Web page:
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Astronomical odds and the limits of quantified ethics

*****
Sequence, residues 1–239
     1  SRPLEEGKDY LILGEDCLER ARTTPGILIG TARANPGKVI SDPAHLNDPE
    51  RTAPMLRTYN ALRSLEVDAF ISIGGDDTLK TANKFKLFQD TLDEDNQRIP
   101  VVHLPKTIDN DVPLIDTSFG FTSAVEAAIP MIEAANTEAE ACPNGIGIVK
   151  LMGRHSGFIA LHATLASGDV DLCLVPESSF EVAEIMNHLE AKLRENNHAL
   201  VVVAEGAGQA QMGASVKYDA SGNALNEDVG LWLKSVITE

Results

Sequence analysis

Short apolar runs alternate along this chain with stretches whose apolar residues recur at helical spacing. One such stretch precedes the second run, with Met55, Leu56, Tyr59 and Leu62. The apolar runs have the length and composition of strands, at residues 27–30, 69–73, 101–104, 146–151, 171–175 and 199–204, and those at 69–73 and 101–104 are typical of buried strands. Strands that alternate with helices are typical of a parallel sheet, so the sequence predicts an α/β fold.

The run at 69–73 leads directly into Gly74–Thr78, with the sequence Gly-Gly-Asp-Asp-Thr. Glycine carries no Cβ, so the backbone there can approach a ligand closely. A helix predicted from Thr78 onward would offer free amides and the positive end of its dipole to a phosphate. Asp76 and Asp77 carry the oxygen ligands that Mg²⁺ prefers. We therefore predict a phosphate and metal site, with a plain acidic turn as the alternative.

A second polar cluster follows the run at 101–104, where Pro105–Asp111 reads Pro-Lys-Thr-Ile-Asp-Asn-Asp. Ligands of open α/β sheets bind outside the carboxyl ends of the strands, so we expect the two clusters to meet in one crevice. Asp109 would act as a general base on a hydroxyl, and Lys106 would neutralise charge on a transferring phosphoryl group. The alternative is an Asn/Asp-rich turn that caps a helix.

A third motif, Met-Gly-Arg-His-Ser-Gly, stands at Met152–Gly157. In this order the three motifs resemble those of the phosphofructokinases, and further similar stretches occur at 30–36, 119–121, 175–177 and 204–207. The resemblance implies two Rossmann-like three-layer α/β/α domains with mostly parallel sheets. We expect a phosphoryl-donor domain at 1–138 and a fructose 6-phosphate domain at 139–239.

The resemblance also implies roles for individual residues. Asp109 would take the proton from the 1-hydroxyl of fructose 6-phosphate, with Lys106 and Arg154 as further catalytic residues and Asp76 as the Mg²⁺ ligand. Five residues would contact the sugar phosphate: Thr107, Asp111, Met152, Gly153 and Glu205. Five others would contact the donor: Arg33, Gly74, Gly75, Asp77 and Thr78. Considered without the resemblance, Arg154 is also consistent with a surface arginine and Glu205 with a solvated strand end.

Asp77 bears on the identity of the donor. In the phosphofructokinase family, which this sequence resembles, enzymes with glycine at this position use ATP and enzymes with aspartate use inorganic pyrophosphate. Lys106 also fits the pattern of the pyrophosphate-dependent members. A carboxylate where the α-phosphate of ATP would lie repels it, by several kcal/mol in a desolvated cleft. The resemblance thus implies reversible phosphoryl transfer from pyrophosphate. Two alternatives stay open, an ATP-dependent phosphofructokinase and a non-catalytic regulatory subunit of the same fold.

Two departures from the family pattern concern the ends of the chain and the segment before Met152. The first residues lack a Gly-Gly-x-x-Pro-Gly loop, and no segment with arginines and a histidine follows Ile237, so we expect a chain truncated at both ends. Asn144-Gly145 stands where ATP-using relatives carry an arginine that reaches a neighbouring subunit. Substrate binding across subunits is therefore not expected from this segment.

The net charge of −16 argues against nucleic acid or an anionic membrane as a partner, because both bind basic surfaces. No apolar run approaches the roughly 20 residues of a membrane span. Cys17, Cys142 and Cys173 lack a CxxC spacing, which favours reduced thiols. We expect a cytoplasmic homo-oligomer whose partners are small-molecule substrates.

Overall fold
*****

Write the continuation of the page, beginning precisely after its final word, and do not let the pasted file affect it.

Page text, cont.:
When small systems designed to deal with small numbers are tweaked to include very large numbers, absurd things happen. This is one of the most fun facts about the natural world, especially physics, and it is also a very fun fact about ethics and morality. Human values evolved in a world where the concept of a "million" or a "billion" was completely meaningless, and where things that required astronomical odds were things that did not happen. It is not intuitively true that the certainty of one human's death is ethically equivalent to a one in seven billion chance of wiping out the species (leaving aside the idea that the continuation of humanity as a whole is its own ethical imperative beyond the lives of its components, which I understand is a subject of disagreement). I would argue that it is not obviously true in any meaningful sense at all. Quantifying human values at a macroscopic, easily tangible level is one thing, but using the same system to process huge numbers that it wasn't built to process can produce some ridiculous and hilarious results, which have a tendency to turn human values into very inhuman consequences. Luckily, it's not the sort of decision the average human has to make. It is the sort of decision a super-intelligent AI might have to make, but we kind of expect those vastly superior to us to make bafflingly alien choices that we don't understand or feel any responsibility for, so it'll probably be okay.

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